11 Possible Interview Questions for an HR Investigation
Everyone involved in an investigation at work can find it hard, but the person being investigated can find it especially hard. But sometimes these investigations are needed to find out if a claim is true or to settle a disagreement between two reports. You can move through these investigations faster and better if you answer interview questions honestly and directly and help out along the way.
This article talks about the different kinds of questions you might be asked and what you should say to make sure everything goes well.
Interview questions for a workplace investigation and examples of answers
Here are some interview questions and answers for an investigation:
1. When and where did you see this happen? Did that happen?
Managers should talk to you once they have all the information they need. In an interview, you should be ready to answer questions like this one. Think back to when you were a part of this.
“I was in my boss’s office on August 14, 2019, when I saw him do something that wasn’t right. Our team has been to his office before, but he has never acted like this in front of the team.
2.Who was to blame for what was thought to be wrong?
When you work for a company, you have to tell the truth about what’s going on there. When hard questions about the investigation are asked, you should be nice to everyone and tell the truth.
“Our manager is to blame for his bad behavior in front of our team. We meet with him every day and every week for different things, so it was surprising to see how he acted in real time.”
3.What happened, and do you remember the names of the people who saw it?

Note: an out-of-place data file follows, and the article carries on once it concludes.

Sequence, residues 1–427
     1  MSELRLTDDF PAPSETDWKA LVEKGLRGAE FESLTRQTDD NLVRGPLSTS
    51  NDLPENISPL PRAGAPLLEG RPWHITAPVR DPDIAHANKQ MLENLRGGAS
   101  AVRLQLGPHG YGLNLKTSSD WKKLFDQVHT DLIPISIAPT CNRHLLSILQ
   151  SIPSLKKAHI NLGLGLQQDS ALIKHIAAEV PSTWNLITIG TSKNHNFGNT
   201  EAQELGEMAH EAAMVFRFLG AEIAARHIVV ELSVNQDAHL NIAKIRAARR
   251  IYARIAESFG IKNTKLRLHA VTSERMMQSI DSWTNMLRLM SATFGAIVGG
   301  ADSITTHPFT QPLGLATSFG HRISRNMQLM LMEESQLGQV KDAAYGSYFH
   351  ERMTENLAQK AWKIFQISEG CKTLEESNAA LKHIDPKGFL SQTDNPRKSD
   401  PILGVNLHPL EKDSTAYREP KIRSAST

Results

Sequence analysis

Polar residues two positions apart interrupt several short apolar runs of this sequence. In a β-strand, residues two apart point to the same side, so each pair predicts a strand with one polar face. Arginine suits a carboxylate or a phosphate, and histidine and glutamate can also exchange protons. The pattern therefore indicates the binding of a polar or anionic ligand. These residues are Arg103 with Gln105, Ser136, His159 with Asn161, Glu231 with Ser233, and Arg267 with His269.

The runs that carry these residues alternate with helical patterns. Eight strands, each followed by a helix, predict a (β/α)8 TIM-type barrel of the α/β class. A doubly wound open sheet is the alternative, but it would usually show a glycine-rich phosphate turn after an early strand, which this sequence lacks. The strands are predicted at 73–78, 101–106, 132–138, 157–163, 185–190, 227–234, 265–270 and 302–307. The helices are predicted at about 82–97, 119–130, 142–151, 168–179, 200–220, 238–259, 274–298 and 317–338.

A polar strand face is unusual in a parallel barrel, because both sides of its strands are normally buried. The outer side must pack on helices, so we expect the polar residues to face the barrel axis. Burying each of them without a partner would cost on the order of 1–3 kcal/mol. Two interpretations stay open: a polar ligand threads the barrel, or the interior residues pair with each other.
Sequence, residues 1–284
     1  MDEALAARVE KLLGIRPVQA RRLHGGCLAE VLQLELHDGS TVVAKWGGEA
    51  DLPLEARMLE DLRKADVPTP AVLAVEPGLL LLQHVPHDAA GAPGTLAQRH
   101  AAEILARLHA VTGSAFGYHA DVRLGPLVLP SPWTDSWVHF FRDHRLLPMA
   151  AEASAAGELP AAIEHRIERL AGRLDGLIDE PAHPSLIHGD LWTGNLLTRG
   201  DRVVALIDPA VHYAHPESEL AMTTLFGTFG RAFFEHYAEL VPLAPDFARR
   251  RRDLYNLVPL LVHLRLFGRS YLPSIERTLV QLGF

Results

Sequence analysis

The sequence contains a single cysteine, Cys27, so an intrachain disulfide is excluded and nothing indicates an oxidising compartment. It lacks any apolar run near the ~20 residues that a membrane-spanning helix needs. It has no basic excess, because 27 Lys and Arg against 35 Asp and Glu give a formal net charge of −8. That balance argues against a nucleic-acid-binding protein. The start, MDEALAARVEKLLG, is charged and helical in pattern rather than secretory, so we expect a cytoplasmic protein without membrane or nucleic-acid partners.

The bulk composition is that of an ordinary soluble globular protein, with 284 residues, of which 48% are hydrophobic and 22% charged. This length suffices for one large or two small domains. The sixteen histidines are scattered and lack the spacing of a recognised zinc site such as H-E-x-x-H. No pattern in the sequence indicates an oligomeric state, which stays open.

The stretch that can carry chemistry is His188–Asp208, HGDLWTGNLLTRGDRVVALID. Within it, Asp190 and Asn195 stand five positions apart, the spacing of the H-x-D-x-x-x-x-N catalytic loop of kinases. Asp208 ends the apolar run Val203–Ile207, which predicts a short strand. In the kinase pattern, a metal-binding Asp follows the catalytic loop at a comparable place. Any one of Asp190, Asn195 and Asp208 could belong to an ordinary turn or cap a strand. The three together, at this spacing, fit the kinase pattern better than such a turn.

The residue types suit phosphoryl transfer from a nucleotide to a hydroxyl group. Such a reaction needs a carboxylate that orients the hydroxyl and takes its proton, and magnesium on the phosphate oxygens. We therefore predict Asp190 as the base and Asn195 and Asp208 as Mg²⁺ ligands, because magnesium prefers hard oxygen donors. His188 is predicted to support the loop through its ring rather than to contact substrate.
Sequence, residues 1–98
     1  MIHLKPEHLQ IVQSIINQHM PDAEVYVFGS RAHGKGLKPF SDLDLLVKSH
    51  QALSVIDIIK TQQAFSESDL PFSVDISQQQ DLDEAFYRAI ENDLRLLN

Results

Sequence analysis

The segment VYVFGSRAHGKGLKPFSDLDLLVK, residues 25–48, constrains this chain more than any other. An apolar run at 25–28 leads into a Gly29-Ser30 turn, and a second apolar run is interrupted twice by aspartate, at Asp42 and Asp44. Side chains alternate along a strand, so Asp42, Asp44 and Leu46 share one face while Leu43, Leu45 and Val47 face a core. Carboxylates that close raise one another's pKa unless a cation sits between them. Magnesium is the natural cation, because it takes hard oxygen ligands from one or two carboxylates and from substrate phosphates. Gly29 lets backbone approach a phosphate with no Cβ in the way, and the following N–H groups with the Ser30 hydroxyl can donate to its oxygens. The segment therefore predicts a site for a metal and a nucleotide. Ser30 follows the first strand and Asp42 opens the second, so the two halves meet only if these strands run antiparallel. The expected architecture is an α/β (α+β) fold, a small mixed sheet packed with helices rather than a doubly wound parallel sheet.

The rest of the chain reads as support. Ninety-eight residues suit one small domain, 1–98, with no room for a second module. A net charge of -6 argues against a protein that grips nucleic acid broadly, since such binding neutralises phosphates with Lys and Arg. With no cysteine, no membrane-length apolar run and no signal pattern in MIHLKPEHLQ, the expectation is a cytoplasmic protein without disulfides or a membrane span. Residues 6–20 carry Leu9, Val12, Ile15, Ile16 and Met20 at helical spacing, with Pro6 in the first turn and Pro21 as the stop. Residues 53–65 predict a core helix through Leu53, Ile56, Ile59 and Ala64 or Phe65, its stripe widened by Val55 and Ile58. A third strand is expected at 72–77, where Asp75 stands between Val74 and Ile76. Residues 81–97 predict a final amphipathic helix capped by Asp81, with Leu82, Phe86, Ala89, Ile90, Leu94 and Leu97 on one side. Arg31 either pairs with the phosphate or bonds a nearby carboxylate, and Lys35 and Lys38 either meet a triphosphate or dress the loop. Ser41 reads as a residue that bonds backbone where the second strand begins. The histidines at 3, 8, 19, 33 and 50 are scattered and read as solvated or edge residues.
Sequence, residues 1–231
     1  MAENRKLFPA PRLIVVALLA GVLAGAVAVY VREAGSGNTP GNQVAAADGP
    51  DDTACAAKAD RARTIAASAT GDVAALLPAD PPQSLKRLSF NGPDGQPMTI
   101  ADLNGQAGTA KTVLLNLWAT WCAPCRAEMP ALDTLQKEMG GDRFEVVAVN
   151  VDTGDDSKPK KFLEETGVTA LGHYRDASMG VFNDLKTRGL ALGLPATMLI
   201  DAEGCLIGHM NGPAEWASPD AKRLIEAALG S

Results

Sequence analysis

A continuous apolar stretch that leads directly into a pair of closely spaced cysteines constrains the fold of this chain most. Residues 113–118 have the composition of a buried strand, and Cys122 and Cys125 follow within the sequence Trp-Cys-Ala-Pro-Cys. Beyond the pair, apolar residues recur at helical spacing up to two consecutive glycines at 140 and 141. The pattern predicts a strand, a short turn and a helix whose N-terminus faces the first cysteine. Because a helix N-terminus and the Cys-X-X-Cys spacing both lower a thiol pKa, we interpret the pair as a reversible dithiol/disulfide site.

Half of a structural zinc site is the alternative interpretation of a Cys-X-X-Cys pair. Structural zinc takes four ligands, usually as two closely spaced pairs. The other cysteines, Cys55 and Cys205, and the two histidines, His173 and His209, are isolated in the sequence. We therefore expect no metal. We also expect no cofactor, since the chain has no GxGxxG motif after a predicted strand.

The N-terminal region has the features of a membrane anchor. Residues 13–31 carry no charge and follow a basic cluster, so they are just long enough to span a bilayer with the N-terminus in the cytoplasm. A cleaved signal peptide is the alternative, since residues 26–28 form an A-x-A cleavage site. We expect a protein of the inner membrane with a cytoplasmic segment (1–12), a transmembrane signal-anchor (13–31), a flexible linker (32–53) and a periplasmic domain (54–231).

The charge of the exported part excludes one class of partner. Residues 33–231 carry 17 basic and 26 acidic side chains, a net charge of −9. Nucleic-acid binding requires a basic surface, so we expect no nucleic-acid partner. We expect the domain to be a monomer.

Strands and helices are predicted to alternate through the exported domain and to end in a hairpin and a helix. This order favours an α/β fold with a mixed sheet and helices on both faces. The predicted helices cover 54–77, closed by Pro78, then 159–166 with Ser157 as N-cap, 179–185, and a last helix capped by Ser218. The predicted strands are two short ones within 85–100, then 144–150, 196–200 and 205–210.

The interviewer needs to know what happened in order to come up with a good punishment or decide if the police need to get involved. If you know about the meeting ahead of time, write down what happened and who was there. By using the STAR method, you can give a thorough, well-thought-out answer to your human resources manager. STAR stands for:
- Tell me what happened to you and the other people you work with.
- Describe what you are doing.
- Write down what your boss did to solve the problem.
- Result: Tell what came out of the meeting and how it got you to where you are now.
Example: “Our sales manager, Dave Taylor, called me and another salesperson, Sheila Duncan, into his office on August 14, 2019. He said it was very important. We thought a client had a problem, but it was worse than we thought. Taylor slammed the door and yelled at us for not meeting our monthly goals, even though he had praised us at our weekly meeting the week before.
He yelled curse words and other mean things that I don’t want to repeat right now. Overall, we wanted to talk to human resources about it to find out where we stand and if there should be disciplinary action.
4. What did the event make you think or feel?
This is your chance to tell more about how you interacted with the other person or people in this situation. Your point of view is important to get the facts straight and figure out who is responsible for what.
“I’ve already said that Sheila and I were surprised by how people acted at our last meeting last week, but I’ll say it again: Our boss has never done anything like this before, so his actions hurt us.
5. Did you show that what was done was wrong?